All good advice above.
Flooded batteries can run dry in the normal course of events
, due to several reasons including overcharging. Some evaporation can take place as well. They need to be checked regularly and topped off to the proper level (about 3/8" to 1/2" above the top of the plates). HydroCaps or WaterMiser caps can reduce the amount of electrolyte loss, thus the intervals between topping off. Still, even with these caps, it's a very good idea to check the electrolyte levels on a regular basis.
Flooded batteries in cruising service
have a lifespan of 3-5 years on average. Bad treatment can kill them in less than a year; exceptionally good treatment can extend their life by a few years.
Again, read the Trojan User's Manual. Pay careful attention to the charging recommendations. Undercharging can kill a battery as well as overcharging. You want to be sure that the onboard devices for charging (battery charger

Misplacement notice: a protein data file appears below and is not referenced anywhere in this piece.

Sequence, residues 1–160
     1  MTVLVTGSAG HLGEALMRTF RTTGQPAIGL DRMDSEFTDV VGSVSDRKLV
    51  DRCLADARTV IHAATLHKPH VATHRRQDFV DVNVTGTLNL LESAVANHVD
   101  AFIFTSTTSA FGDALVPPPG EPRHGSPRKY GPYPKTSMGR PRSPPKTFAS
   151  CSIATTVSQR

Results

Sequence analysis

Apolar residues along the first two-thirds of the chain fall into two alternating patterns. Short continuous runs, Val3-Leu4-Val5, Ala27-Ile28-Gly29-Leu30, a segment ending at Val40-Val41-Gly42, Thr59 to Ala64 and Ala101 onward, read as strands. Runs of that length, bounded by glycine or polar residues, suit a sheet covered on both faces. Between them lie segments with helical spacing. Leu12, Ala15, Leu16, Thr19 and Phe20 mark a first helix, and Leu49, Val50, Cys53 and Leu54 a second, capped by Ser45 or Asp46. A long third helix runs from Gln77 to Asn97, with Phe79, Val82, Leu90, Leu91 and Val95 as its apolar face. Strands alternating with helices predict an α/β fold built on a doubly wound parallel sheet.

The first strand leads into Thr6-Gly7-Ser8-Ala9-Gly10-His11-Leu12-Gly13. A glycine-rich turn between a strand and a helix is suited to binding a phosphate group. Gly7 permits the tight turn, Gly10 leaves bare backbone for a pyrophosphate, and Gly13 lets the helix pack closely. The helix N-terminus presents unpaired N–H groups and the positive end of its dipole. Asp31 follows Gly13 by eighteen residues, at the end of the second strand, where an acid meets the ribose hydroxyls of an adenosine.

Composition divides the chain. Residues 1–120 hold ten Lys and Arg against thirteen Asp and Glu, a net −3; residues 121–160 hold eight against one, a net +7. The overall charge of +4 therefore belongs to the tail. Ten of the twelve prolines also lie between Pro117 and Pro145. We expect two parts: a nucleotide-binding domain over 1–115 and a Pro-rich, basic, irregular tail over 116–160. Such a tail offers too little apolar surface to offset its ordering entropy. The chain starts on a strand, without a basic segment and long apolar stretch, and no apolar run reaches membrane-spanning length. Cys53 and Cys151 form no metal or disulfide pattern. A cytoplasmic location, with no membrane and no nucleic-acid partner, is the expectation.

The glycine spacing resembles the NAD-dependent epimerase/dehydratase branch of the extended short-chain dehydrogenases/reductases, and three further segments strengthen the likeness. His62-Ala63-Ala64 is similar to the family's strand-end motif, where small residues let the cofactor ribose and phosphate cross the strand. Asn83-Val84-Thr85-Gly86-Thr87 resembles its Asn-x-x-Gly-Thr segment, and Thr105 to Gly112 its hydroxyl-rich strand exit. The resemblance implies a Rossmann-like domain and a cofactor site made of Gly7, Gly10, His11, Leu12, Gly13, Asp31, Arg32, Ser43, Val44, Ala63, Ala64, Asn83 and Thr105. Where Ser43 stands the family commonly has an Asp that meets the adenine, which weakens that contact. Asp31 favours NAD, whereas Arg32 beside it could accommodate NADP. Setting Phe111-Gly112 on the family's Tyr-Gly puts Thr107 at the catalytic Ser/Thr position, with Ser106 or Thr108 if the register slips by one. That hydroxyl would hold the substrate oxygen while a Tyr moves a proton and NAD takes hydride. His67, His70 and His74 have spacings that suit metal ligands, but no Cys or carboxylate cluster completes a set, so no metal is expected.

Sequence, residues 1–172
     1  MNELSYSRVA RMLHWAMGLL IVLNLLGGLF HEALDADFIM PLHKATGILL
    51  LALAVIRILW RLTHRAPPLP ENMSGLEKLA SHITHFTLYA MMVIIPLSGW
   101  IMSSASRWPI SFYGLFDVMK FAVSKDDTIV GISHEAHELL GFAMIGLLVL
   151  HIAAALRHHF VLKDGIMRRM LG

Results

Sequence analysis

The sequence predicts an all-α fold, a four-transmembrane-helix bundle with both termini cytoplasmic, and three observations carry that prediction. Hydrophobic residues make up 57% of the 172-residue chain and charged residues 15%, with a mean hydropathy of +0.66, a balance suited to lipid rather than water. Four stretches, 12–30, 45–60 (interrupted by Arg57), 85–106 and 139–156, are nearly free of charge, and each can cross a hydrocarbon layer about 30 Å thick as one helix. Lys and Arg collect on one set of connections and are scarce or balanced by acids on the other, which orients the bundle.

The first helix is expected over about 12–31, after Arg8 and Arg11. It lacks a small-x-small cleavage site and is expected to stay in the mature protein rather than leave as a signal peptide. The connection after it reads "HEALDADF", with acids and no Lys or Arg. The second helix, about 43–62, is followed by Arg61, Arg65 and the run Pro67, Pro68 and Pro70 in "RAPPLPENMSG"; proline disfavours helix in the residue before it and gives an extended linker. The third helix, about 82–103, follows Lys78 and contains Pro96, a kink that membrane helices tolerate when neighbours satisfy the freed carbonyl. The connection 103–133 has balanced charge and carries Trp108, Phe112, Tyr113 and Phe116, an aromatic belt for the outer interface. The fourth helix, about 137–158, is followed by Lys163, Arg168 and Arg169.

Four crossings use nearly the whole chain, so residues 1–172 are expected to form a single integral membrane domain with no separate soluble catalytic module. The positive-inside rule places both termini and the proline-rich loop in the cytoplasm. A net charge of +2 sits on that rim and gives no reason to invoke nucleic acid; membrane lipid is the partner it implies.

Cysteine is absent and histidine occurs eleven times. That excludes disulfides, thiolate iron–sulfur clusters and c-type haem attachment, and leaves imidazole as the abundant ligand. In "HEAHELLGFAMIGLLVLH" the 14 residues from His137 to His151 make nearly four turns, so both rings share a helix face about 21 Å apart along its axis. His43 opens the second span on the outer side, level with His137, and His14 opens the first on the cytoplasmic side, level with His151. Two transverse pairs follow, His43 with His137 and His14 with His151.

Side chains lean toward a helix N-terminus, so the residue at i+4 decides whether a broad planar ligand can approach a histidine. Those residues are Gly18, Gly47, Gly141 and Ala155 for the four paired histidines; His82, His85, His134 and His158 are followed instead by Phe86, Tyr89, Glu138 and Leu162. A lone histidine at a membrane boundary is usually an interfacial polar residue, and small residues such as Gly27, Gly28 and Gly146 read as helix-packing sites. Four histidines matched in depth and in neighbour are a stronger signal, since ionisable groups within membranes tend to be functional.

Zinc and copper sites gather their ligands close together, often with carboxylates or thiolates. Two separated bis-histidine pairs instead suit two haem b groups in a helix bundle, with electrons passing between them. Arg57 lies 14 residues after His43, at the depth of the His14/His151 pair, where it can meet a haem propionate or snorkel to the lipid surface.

, solar panels
, etc.) are well suited to the type of batteries you install. A mismatch here can dramatically shorten the life of your batteries.
The sad fact is that many -- perhaps most -- boat
batteries don't just die. They are murdered. The "usual suspects" are:
- bad installations;
- improper charging and charging devices;
- chronic undercharging leading to sulfation of the plates and loss of capacity;
- cycling too deeply on a regular basis;
- contamination of the electrolyte thru improper care (leaving caps off, allowing dirt or extraneous materials in, not using distilled water
to top off, etc.);
- stratification of the electrolyte caused by undercharging and lack of use and movement; and
- physical damage to the plates caused by overcharging, corrosion
, or precipitates building up underneath them and shorting them out.
Educate yourself, take care of your batteries, and you'll have a much more positive experience next go-round!